Skip to main content

Tour de France 2020: Descents the key in the Pyrenees

Image 1 of 4

The 2020 Tour de France heads into the Pyrenees for two crucial days on stages 8 and 9

The 2020 Tour de France heads into the Pyrenees for two crucial days on stages 8 and 9 (Image credit: Getty Images)
Image 2 of 4

The 2020 Tour de France route

The 2020 Tour de France route (Image credit: ASO)
Image 3 of 4

Chris Froome won stage 8 of the 2016 Tour de France in Luchon after a breakneck descent off the Col de Peyresourde

Chris Froome won stage 8 of the 2016 Tour de France in Luchon after a breakneck descent off the Col de Peyresourde (Image credit: Tim de Waele/TDWSport.com)
Image 4 of 4

Primoz Roglic won the stage to Laruns when the Tour de France last visited in 2018

Primoz Roglic won the stage to Laruns when the Tour de France last visited in 2018 (Image credit: Bettini Photo)

Some of the rumours circulating about the shape of the 2020 Tour de France route prior to its unveiling earlier this week hinted at there being just a single day of racing in the Pyrenees. In the end, though, Tour boss Christian Prudhomme revealed that there will be two, albeit that they are close to being mirror images of each other.

Both are comparatively short, have most of the climbing packed into the second half of the stage, and conclude with a downhill run-in towards the finish.

Stage 8: Cazères - Loudenvielle

The first of the two Pyrenean tests will carry the race 140 kilometres from Cazères, which sits in the plains 60 kilometres south-west of Toulouse, to Loudenvielle via the Menté, Balès and Peyresourde passes, with the finish located almost at the foot of the latter.

This is very familiar territory for most of the Tour peloton. The approach to the opening climb will be via the village of Aspet to reach the saddle that sits in between the Col de Portet d'Aspet and the Col de Menté. It is a little surprising that Prudhomme and his organising team have decided against including the Portet d'Aspet on what will be the 25th anniversary of Fabio Casartelli's death on that pass, but it appears they judged that including a fourth climb would have made this stage more challenging than they wanted on only the race's second weekend.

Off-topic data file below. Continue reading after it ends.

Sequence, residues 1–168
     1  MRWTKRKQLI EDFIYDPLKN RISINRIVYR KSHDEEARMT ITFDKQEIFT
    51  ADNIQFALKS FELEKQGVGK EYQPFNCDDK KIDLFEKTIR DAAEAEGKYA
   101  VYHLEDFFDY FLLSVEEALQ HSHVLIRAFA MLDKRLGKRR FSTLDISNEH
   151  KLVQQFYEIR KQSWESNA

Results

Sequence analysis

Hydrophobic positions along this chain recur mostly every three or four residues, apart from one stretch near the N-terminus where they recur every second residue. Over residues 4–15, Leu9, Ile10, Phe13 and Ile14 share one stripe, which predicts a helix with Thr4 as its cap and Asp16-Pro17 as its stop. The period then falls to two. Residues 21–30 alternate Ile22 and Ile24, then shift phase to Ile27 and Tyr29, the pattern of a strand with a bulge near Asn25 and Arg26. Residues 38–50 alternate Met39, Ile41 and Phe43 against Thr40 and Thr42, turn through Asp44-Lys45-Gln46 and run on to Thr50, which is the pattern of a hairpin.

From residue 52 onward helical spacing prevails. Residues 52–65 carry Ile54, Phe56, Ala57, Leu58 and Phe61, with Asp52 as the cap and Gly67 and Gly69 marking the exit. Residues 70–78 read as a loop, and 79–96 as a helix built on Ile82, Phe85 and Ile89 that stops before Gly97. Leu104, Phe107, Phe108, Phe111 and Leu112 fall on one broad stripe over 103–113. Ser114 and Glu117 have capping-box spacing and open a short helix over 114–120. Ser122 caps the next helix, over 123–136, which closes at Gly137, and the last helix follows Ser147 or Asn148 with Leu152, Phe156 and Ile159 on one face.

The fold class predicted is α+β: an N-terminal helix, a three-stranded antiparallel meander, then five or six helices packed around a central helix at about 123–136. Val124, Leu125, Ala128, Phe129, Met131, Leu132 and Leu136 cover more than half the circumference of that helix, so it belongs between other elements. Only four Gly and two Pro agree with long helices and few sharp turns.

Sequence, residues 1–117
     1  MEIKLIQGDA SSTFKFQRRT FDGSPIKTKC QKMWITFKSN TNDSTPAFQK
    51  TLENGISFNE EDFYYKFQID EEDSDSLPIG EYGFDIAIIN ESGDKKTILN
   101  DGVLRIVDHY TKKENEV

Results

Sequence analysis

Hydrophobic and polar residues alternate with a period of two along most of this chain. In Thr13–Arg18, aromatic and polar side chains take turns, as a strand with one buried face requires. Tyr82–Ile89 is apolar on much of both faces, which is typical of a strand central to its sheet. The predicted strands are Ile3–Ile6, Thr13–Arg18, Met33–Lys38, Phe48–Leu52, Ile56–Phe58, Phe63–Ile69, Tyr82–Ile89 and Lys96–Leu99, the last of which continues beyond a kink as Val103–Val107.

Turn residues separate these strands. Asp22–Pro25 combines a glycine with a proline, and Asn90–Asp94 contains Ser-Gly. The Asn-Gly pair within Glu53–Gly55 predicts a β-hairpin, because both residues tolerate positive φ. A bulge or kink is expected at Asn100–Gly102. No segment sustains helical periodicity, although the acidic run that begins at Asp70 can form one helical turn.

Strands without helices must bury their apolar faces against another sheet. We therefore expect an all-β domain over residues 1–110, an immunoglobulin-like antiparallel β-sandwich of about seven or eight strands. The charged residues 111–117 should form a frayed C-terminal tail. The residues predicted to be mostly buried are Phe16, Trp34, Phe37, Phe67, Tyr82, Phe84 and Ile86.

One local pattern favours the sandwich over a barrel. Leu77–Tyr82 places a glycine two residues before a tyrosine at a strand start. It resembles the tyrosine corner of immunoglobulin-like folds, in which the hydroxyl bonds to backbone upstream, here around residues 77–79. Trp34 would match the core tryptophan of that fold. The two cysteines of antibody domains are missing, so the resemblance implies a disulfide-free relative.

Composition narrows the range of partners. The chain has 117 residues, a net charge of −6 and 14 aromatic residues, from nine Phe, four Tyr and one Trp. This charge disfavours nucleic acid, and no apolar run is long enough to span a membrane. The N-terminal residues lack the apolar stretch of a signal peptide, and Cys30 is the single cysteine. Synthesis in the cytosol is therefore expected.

The Menté is the French Pyrenees encapsulated in a single climb. Its grippy road climbs away from the saddle, dips, climbs again, very sharply this time, then immediately loses most of that gain on another descent. Only then does the climb towards the pass kick off in earnest. There are some further and more sustained steep sections as the road switches its way up the mountainside, although the peloton's pace shouldn't be too troubled by them as it's unlikely to be flat-out this far from the finish. The descent away from the pass is fast, particularly its second half, which runs very directly into Saint Béat.

Chris Froome won stage 8 of the 2016 Tour de France in Luchon after a breakneck descent off the Col de Peyresourde

Chris Froome won stage 8 of the 2016 Tour de France in Luchon after a breakneck descent off the Col de Peyresourde (Image credit: Tim de Waele/TDWSport.com)